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What the F is: Critical Race Theory

Critical Race Theory has been a well-discussed topic in the US for quite some time, however has been less discussed in the Australian community, thanks to conservative politicians and journalists who work for outlets like Sky News, who would have you thinking it's a 'reverse racist' (not a thing) agenda item. But the theory has come up in mainstream media this week, with Pauline Hanson calling for a motion to reject the theory from the national curriculum. The motion was passed by the Coalition.


A quick definition

Critical Race Theory is an academic term referring to the theory that racism is not only a result of biases and opinions held by individual people, but has been built into society and the way the world works. Simply, it claims that racism is a systematic, not just personal and individualised. Critical Race Theory was created based on theories of US academics including Kimberlé Crenshaw and Richard Delgado.


"It's an approach to grappling with a history of white supremacy that rejects the belief that what's in the past is in the past and that the laws and systems that grow from that past are detached from it."

Kimberlé Crenshaw


Critical Race Theory in practice

You've probably heard people tell you that racism is innate. Biological, or 'tribal'. Aside from this being a poor way to explain away or excuse racism and racist ideals, Critical Race Theory tells us it's not correct. The theory explains that racism is embedded in society and societal structures, like the law, education systems, and parliaments and governments. Law enforcement and policing has been a hot topic of conversation across the Western world in recent years, and many will claim the system is inherently racist or discriminatory. Does this mean every police officer is racist? No. There are likely plenty of police officers who have made active moves to deconstruct the racist views that most of us are brought up and socialised with. Further to that, there are many police officers of colour. However, the law enforcement system, and system of policing is inherently racist. In Australia, 3.3% of our population is Indigenous, but our prisons are made up of 27% Indigenous prisoners. This doesn't tell us that every police officer and legal judge is individually racist (although some might be), it instead tells us that the system is discriminatory.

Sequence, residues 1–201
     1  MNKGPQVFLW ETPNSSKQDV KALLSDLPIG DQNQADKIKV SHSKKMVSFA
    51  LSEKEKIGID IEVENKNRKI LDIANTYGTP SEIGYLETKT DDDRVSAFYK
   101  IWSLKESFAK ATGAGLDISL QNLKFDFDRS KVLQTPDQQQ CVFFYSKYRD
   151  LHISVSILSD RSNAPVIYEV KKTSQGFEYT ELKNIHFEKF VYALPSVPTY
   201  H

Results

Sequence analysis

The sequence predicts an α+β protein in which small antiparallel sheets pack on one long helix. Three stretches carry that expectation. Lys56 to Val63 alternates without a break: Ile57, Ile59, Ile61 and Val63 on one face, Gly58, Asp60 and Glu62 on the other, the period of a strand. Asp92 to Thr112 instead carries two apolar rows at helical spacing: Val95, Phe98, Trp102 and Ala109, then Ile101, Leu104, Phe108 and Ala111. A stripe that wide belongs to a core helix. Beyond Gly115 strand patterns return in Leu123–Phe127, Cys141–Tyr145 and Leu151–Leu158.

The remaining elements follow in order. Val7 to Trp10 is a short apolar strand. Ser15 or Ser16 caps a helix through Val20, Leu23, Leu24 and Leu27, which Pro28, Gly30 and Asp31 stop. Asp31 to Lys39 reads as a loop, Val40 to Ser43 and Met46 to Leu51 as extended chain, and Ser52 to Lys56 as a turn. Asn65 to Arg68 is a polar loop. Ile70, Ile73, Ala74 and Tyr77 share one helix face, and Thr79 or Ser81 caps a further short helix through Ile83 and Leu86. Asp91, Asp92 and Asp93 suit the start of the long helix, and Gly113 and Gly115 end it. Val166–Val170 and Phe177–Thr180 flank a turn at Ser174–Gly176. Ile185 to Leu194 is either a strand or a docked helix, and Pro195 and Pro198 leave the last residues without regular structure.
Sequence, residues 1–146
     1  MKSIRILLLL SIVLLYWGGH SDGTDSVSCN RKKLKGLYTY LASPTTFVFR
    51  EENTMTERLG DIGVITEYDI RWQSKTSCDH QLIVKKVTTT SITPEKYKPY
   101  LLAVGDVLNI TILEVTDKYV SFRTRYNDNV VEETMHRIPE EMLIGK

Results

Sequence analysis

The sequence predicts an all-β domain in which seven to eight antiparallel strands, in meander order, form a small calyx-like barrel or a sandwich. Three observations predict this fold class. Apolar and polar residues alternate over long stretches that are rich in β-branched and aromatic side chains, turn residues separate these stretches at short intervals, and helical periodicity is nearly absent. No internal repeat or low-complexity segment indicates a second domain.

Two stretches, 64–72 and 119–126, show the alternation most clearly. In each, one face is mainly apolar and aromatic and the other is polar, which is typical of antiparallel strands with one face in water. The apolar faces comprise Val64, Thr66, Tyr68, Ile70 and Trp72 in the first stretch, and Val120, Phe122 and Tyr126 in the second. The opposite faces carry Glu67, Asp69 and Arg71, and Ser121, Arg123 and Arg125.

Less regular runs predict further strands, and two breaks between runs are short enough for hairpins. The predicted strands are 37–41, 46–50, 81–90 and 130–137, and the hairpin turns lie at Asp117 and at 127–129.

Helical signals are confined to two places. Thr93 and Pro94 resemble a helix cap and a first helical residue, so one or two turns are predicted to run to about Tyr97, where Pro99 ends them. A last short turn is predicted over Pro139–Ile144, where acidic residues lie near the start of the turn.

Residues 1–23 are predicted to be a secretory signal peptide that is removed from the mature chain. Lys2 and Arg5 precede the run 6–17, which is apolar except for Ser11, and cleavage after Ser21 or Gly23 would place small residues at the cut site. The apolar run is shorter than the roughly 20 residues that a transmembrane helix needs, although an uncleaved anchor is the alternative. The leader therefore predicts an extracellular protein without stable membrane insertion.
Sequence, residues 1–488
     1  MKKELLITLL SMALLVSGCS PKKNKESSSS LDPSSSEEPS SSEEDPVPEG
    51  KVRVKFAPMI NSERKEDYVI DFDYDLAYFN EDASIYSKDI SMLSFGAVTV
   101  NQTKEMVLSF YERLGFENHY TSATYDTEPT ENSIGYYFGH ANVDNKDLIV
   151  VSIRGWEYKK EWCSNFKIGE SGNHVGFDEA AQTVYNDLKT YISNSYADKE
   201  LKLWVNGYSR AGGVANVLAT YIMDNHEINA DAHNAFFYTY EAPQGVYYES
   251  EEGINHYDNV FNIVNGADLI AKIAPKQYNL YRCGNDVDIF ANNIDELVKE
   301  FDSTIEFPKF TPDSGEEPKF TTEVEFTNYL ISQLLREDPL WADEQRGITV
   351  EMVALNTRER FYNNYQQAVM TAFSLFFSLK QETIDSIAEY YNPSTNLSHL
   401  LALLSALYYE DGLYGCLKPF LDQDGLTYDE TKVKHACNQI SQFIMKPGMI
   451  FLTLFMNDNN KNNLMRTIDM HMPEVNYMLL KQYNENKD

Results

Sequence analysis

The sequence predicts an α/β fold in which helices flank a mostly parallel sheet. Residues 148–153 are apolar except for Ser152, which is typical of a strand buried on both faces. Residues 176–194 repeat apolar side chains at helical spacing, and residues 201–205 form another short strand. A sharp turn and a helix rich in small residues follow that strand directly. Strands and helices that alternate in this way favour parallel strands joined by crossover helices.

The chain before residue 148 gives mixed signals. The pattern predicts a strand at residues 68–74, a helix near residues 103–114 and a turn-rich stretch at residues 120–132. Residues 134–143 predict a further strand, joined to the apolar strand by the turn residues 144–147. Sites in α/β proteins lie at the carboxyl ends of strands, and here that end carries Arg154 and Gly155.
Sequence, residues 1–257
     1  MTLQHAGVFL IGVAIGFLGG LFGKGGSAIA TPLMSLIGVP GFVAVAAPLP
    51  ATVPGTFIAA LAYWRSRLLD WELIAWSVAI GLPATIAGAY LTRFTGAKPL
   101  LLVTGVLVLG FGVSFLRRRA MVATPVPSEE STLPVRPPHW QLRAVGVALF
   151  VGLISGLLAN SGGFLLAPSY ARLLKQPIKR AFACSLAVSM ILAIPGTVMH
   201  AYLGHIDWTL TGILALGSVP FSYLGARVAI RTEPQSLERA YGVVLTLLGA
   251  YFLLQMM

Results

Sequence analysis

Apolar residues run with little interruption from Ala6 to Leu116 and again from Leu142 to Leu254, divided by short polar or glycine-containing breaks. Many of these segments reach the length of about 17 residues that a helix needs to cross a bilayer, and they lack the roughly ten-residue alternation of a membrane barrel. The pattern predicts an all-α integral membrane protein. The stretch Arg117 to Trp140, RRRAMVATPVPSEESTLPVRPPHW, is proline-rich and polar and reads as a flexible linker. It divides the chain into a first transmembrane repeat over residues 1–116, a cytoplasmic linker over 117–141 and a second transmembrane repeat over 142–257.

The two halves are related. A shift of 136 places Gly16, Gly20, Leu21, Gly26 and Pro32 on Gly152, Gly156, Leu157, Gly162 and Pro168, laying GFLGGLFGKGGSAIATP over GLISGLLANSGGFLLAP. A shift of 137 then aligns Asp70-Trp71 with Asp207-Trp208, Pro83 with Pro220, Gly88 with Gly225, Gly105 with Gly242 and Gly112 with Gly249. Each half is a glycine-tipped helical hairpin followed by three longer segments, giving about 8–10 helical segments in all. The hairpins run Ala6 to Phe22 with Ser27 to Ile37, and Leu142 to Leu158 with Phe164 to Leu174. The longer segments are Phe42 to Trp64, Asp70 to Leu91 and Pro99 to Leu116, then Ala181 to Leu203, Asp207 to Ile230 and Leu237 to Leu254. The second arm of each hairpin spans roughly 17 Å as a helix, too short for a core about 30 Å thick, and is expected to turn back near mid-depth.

The danger of ignoring Critical Race Theory

Australia currently does not recognise Critical Race Theory, and on the contrary, our leaders and Parliamentarians will often announce that we are 'not a racist country'. the Prime Minister Scott Morrison said this year that we should 'be grateful that Australia doesn't have racial issues'. Many conservative politicians and their cronies will jump at the chance to place blame on individuals when it comes to race. To use the example of policing again, this would look like calling one police officer a 'bad egg' when they use excessive force against a person of colour, but not a white person committing the same crime. This police officer is not blameless, but they are a product of an inherently racist system. Perhaps they have been taught to use more force on people of colour, or have seen colleagues doing the same. And it does get a little complicated, because it is usually a mix of individual racism and systematic racism that leads to tragedies like that of George Floyd in the US, or Edward Russell, Joyce Clarke, Kumanjayi Walker, and Dwayne Johnstone, four Indigenous Australians who were shot by police officers.


Highly recommended reading and next steps

For a very entertaining and also extremely concerning explainer-meets-op-ed on Critical Race Theory, check out this article from IndigenousX.